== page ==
Q & A with Dr. Bagele Chilisa

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Dr. Bagale Chilisa is the author of the popular book, Indigenous Research Methodologies, which is now in its second edition. I asked her some questions about her work, and this is the first in a series of posts that feature her responses.

JS: Welcome to MethodSpace Dr. Chilisa! I’ve looked at your impressive range of work– can you briefly introduce yourself and your work at the University of Botswana and the UN Development Programme (UNDP)?

BC: The community of social science researchers is experiencing a struggle as it comes to terms with social justice issues that arise from the research process itself, as well as from the findings that are produced by their efforts.  Also, more and more researchers from the third world and from Indigenous societies are expressing criticism about what is viewed as colonizing epistemologies and methodologies and call for the combination of indigenous and current conventional methodologies. Chapter 2 of the new edition discusses the big four research paradigms and a fifth emerging paradigm that arise from indigenous realities and ways of knowing. 

I am in the UNDP advisory panel; part of my duties is to review evaluation reports. There are current criticisms about evaluation reports conducted on international development projects. Some of the criticisms are that there is blind reliance on Eurocentric models, strategies, techniques and research methods that often lead to inadequate assessments, wrong prescriptions, and flat evaluation models. Chapter 6 discusses some of these concerns and suggests ways to address them.

A dichotomous hierarchy informed by colonization, imperialism and globalisation privileges the First world as the knower and relegates the Third world to the position of the ‘’other’ who is a leaner. People’s resistance to imposed frameworks compromise the research process and its findings.  Chapter 4: Whose Reality Counts: Research in Question, demonstrates the consequences of this hierarchy while Chapter 10 demonstrate culturally responsive research methodologies.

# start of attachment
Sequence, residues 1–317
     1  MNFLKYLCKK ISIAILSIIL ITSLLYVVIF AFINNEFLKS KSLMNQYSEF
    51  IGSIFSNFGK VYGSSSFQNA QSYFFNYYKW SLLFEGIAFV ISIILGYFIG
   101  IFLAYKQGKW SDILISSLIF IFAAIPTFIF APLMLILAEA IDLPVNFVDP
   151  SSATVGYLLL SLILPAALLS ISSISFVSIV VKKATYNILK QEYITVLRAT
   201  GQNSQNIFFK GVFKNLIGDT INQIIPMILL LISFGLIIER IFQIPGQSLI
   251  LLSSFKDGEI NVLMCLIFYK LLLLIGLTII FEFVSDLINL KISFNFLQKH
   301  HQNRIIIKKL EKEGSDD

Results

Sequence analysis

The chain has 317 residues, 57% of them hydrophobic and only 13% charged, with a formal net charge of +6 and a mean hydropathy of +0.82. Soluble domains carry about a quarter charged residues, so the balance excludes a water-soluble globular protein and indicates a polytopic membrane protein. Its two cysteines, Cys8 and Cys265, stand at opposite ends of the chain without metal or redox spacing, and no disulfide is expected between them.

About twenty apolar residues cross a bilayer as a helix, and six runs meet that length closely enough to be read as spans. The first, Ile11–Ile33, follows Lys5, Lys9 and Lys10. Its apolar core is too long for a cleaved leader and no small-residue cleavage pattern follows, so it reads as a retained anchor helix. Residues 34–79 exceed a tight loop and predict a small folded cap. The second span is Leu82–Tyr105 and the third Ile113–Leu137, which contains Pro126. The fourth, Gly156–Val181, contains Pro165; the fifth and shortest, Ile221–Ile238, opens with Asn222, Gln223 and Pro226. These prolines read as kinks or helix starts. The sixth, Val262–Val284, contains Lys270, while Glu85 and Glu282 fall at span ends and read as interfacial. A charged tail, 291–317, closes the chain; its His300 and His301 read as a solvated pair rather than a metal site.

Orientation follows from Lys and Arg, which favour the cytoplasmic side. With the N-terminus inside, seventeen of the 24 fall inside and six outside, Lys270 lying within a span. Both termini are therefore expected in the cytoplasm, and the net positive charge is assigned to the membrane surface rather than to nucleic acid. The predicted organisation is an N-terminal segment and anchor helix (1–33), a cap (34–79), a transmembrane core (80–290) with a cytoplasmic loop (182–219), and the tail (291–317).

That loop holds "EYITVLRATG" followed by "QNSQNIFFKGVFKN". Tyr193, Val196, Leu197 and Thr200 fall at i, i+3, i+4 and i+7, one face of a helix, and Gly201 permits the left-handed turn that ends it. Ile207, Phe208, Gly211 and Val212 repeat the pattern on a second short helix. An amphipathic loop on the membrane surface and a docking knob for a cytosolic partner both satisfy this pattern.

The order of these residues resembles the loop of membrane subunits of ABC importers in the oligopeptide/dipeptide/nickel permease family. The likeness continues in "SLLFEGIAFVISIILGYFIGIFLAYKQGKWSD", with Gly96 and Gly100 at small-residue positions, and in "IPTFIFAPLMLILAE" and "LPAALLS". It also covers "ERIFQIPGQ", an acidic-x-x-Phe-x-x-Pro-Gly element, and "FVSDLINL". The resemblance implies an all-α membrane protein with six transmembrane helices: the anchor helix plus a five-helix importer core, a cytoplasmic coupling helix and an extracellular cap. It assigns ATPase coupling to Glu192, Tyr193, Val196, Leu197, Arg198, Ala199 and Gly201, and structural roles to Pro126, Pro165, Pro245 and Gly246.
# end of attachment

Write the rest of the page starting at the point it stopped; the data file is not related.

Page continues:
JS: Please help our readers understand the term “indigenous research methods”. 

BC: The book is on indigenous research methodologies. These are a family of methods informed by the indigenous world views. A methodology that is not embedded in paradigmatic space loses its meaning (Kovach).

An Indigenous research method targets local phenomenon instead using extant theory from the West. Take, for example, a study to develop an indigenous measure of common mental disorders in a primary care setting among the Shona people in Zimbabwe,  and to examine the psychometric properties of the measure.   It is important for the research to understand the meaning of mental disorders   from the perspective of the community where the research is conducted.   

The Shona mental health measurement scale is discussed in Chapter 5  where it is contrasted with the WHO mental health scale. New mental health constructs were created based on Shona perspectives of what mental health is.   What is important to note is that the local constructs were integrated with international constructs to give a holistic picture of what can be known about mental health.

There are many examples of studies that combine indigenous and Western methods in the book.  Some studies can be predominantly indigenous while others are integrative.  Chapter 2 gives examples of studies that combine Western and Indigenous methods, those that are predominantly indigenous and those  that create a third space to do research that takes  the best of Western and Indigenous methods and come up with a methodology that is neither indigenous nor  Western.

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